Silly Debates over History

Princeton students recently discovered that Woodrow Wilson was a racist, which induced a "No shit, Sherlock" response from just about anyone who took US history in a public school. I'll overlook ignorance, I guess, though Princeton should reconsider the policy of admitting unprepared dummies from hoity-toity private schools. I'm less sympathetic to the belief that renaming things bearing Wilson's name is a good way to address racism in American society.

Okay, Young Tigers, vocabulary lesson: History = the study of events from the past and the various interpretations of those events. Sociology = study of social behavior, social groups, social problems, and social institutions. One studies the past to learn from it but—news flash—you can't change it. That's why we also study sociology. You put the two together to work out an agenda for the future. Got that? Past, present, future….

Wilson was indeed racist; so much so that a body of speculative history postulates he would have been a future president of the Confederate States of America, had the South won the Civil War. It didn't and we ended up with a racist president. Want to demonize him further? He put his signature on the Espionage Act of 1917 and the Sedition Act of 1918, which rode roughshod over the First Amendment during World War One. After the war, Wilson cooperated with a vicious Red Scare that sent a very decent man, Eugene Debs, to jail. Wilson also sent US troops into Mexico during its civil war, so let's add Hispanophobia to his vita. For all of that, Woodrow Wilson was also a monopoly-buster, and signed into law such landmark bills as the Clayton Antitrust Act, an improved Interstate Commerce Act, the Federal Reserve Act, a landmark federal farm loan bill, and another that would have outlawed child labor had not the Supreme Court struck it down. Insofar as reforming presidents go, Wilson ranks just below Franklin Roosevelt, Lyndon Johnson, Theodore Roosevelt, and John Kennedy. He was also an idealist whose League of Nations was the forerunner of the United Nations.

None of this excuses his racism, nor does the fact that he was in the white mainstream during the days when Jim Crow reigned supreme. We should—from a sociological perspective—deplore his bigotry. Then we should move on because there is simply no changing the past. We can (and should) hate his racism, but Wilson was also a distinguished academic, an ambassador, the president of Princeton, the governor of New Jersey, and two-term POTUS. That makes him important, whether we like him or not.

I've had it with the PC push to sanitize history. Human beings shaped the past and one simply cannot rewind and make it cuddly. Sainthood is not required to make history. Karl Marx famously remarked, "Men make their own history, but they do not make it as they please…." Ooops, scratch Comrade Karl from future discussion—he made gender-specific references. We've had a solution to history's warts for decades—it's called "teach the controversy" (and I don't mean it in a silly Creationist way).

What would sanitized history look like? Step one is reworking state competency exams because there's a host of folks we can't talk about anymore. Banish the slaveholder presidents—all 18 of them, including Washington, Jefferson, Madison, Monroe, Jackson, Polk, Andrew Johnson, and U.S. Grant. (Yes, the last had control over slaves owned by his Missouri-born wife. I'm not sure whom we will now credit for commanding the winning Union troops with Grant out of the running, but one mustn't offend.) We could consider dumping all the racist presidents, but that would only leave Obama, so perhaps we settle for tossing active racists like Pierce, Buchanan, Wilson, Theodore Roosevelt, Nixon, and Reagan. Oh, shoot: Abe Lincoln and FDR probably have to go as well.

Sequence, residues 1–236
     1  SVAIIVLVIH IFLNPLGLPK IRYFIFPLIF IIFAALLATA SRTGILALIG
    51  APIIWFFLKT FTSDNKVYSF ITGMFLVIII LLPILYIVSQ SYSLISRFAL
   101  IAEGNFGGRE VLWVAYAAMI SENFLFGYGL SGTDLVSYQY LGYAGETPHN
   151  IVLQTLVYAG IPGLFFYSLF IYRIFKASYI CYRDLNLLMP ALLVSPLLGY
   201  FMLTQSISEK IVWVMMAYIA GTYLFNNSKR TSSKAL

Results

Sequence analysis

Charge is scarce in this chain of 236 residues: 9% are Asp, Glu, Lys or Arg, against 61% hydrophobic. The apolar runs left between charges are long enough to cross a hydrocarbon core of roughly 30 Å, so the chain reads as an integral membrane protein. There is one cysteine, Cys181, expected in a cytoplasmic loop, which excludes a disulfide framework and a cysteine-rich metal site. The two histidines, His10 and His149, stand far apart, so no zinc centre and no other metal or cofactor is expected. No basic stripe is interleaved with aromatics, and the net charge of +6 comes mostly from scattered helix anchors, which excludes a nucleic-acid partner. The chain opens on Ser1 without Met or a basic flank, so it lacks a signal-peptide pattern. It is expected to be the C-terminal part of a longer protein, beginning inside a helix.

How about other sinners? Martin Luther King Jr. cheated on his wife. Bye, bye. Ditto FDR, JFK, Bill Clinton, that divorcee Reagan, and all of Congress for all of time. Very few groups were as sexist as the Black Panthers, so thou shalt never reference them. The Radicalesbian movement often slammed men and straight women, which brings me personal pain, so I can't allow any mention of lesbians in my courses. Betty Friedan said terrible things about housewives. Be gone, insensitive elitist. Walt Disney was racist, sexist, and a snitch, so padlock those theme parks. The GOP claims that labor unions are anti-capitalist, so no more labor movement, but it works both ways. I frickin' hate those robber barons and the heartless employer class that kept my ancestors and parents in economic thralldom. I cannot allow you to discuss exploiters like Henry Ford, Andy Carnegie, the Rockefellers, the Vanderbilts, or The Donald. Let's just skip economic history.

Oh sheesh, I forgot to mention mistreatment done to Native Americans. Custer's practically a choirboy compared to folks like Chivington and Sheridan. The safe thing is to never mention any white male who ever set foot on Indian land, as well as banning everyone that exclusively uses the term "Native American." Many indigenous people actually prefer the term "Indian." How could anyone be so racist as to not know that? Now let's (not) discuss nativism related to immigration history. Being of Scottish heritage I must insist that England not be part of any discussion near me, and I bet a lot of those with Irish ancestry feel the same way.

We have two viable options: teach PURK history (Puppies, Unicorns, Rainbows and Kittens); or grow up and wrestle with history from the perspective that bad shit happened, but lots of decent folks tried to make things better. They didn't always succeed for two reasons: they don't get to write the script, and they are a flawed species. Just like history students and their teachers. That's why we teach the controversy. Otherwise, silence writes history, but not a pleasing one.

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